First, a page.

Reviews of the Practice Wide Risk Assessment (PWRA) for AML Compliance

Building on the above point, reviewing the PWRA should be reviewed on a consistent basis every one to two years. This helps to maintain the accuracy of it and keep on top of any potential emerging risks. If there are any changes in the practice, it is vital that the PWRA reflects this.

Internal control reviews are needed on regulations in order to stay up to date. These should be hardcoded into your financial crime compliance programme with a frequency that reflects the risks your business is exposed to because of the types of clients it deals with, the products and services it sells and the jurisdictions it operates within. They should be essential, non-moveable processes in your AML compliance program.

 

Emerging AI Technology in AML Compliance

 

Many existing, legacy, systems claim to verify clients. However, what most don’t realise is that most current AML solutions don’t do much in verifying clients. The Verify 365 team has extensively written and talked about how many web-based systems don’t verify the client. Why? Well simply put when you ask your client to send you a copy of their ID how do you know it’s them? How do you know it isn’t a look alike? Or the document hasn’t been tampered in some way? The point being that most web-based solutions only truly check that the document number is legitimate but everything outside of that isn’t checked and verified.

That is why the use of AI in the form of biometric technology and document fraudulency technology is important. Systems like Verify 365 use AI biometric technology to compare the image in/on the document the client provides against the client themselves, this way we can establish that the two are the same. Along with this, through our use of AI, systems like ours can establish ownership of the document and legitimacy of it to ensure that not only is the individual really your client, but the document is real and belong to them.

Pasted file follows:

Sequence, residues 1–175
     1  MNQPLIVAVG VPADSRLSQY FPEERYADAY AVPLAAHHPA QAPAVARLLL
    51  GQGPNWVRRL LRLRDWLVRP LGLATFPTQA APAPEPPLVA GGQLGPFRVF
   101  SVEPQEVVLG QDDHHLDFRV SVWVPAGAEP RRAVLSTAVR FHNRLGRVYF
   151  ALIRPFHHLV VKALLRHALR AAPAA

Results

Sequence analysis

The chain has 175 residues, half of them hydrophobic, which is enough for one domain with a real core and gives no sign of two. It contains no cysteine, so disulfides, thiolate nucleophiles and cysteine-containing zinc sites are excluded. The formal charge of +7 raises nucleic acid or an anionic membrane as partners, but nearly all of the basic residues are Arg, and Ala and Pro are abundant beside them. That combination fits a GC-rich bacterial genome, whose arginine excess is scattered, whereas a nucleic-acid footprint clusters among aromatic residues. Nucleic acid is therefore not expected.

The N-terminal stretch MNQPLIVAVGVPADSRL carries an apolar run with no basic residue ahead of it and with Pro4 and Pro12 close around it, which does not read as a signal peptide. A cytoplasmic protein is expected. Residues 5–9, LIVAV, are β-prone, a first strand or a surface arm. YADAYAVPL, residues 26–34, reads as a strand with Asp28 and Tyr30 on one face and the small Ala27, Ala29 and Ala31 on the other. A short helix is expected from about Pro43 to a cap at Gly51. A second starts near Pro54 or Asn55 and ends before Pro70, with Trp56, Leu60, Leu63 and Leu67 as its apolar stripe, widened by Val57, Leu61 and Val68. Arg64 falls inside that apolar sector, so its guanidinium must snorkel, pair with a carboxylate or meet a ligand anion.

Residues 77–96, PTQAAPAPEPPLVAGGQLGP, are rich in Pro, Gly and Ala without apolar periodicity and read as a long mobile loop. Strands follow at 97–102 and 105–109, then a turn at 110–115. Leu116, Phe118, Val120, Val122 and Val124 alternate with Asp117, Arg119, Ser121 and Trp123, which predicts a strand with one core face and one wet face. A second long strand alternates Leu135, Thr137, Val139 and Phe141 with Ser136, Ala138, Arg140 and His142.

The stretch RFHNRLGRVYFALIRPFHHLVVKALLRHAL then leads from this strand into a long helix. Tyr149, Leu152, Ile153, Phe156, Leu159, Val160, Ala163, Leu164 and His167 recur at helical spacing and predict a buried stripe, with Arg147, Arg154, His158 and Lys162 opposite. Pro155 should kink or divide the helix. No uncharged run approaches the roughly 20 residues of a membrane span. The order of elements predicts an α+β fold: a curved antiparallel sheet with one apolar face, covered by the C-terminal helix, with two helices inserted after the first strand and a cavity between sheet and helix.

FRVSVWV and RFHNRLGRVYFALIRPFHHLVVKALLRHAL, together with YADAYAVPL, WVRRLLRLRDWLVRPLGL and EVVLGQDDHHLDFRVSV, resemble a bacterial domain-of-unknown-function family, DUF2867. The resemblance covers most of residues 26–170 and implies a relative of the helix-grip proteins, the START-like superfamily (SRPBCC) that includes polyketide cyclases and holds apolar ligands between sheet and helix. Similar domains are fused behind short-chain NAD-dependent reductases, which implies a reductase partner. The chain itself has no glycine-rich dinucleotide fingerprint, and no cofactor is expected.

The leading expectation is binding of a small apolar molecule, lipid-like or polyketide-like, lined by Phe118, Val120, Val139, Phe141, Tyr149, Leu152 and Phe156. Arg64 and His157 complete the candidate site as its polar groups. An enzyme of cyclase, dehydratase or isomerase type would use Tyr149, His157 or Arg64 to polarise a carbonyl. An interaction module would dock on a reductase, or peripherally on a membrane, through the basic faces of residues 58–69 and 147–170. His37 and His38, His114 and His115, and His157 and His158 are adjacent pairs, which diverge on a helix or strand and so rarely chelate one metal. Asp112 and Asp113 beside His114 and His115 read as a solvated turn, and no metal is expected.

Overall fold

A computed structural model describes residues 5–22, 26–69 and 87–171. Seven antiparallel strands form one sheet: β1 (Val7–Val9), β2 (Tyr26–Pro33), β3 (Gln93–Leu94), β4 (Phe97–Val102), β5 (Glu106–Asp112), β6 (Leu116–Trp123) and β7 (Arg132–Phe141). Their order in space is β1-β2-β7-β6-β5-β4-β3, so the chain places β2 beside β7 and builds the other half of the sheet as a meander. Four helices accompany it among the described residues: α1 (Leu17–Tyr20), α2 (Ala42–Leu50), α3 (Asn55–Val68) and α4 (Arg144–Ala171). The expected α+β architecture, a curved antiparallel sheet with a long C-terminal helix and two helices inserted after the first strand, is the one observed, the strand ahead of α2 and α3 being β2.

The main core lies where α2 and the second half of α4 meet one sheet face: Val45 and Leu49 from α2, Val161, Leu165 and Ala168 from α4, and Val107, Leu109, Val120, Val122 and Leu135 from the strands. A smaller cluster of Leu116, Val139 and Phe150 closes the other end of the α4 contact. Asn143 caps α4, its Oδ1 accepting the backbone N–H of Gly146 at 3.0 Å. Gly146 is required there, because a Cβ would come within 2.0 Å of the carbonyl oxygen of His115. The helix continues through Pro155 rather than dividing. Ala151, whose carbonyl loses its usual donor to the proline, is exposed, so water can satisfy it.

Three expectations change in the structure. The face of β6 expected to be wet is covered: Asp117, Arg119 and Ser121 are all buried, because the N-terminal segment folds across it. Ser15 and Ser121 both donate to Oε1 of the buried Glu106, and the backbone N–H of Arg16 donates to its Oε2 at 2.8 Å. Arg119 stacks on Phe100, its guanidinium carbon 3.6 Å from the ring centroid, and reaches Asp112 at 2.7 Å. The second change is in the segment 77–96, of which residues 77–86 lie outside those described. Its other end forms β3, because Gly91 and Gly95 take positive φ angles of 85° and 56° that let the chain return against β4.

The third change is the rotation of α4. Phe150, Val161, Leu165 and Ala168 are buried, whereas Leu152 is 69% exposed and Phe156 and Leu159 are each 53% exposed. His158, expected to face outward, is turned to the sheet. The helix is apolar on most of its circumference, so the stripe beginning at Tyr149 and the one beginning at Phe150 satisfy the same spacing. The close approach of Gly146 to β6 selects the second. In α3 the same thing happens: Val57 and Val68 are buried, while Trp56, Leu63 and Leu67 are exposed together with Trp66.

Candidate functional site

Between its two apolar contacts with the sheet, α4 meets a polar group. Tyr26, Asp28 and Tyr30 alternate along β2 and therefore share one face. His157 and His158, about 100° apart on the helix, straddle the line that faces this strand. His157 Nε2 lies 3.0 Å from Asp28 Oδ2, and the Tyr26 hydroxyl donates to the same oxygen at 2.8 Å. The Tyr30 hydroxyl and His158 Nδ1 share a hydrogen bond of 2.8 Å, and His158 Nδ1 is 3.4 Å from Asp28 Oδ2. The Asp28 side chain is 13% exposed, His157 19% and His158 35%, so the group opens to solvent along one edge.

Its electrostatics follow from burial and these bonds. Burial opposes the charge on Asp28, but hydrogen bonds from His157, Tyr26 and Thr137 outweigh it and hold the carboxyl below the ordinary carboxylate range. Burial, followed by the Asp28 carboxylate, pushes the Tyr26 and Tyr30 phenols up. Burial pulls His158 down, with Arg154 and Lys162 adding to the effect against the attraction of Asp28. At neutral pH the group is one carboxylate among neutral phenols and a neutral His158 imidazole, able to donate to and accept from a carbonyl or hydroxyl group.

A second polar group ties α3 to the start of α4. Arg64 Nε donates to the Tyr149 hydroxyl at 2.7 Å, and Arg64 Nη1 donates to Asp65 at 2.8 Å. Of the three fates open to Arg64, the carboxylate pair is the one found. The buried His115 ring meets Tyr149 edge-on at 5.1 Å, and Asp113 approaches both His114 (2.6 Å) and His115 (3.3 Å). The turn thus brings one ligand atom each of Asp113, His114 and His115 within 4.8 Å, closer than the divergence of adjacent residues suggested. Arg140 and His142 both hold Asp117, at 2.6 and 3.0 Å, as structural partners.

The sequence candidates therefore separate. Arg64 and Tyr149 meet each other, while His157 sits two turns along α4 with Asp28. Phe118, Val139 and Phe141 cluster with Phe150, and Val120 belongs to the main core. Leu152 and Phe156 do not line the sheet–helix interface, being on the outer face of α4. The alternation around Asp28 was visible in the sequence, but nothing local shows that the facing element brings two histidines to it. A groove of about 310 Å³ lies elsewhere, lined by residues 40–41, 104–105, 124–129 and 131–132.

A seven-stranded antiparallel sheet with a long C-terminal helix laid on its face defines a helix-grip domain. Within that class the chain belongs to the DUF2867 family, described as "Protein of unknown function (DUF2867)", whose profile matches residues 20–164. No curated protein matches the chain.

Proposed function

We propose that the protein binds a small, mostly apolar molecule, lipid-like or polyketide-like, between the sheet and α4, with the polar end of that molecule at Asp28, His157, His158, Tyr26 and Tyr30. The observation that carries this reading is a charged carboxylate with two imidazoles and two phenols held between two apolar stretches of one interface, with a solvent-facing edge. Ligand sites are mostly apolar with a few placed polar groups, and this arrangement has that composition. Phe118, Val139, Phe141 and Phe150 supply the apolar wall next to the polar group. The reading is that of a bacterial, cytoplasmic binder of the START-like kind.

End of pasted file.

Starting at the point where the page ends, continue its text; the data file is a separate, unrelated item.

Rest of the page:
The Use of ‘Big Data’ for AML Checks

 

Data is important, especially when trying to identify a client’s identity and finances and a very critical piece in combating money laundering. Analysing data to make insightful correlations and causations to then draw conclusions from is highly valuable. Not only does this make it a lot quicker to draw conclusions about money laundering since you can see the tell tail signs of it. But it also standardises the process and ensures staff are all equally equipped to pin-point money laundering immediately.

Systems like Verify 365 have made it easy for lawyers to draw conclusions easily when it comes to finances. From pulling in the financial data from clients and organising it into clear and concise tables. AML solutions like ours use data analytics to enhance our solution and make the ease of using it easy for all. So, if your system doesn’t rely on data then you’ve got a big problem. But if it does and it doesn’t do much more than provide you the raw data. Then you need to look at an alternative which provides you and your team more insight.

 

Conclusion

 

AML Compliance and AML checks are key to any legal practice and its matters. So ensuring the practice knows how to manage this correctly through best practices and technology is going to be key to the smooth running of the practice and to ensure that it doesn’t have any run ins with the regulator.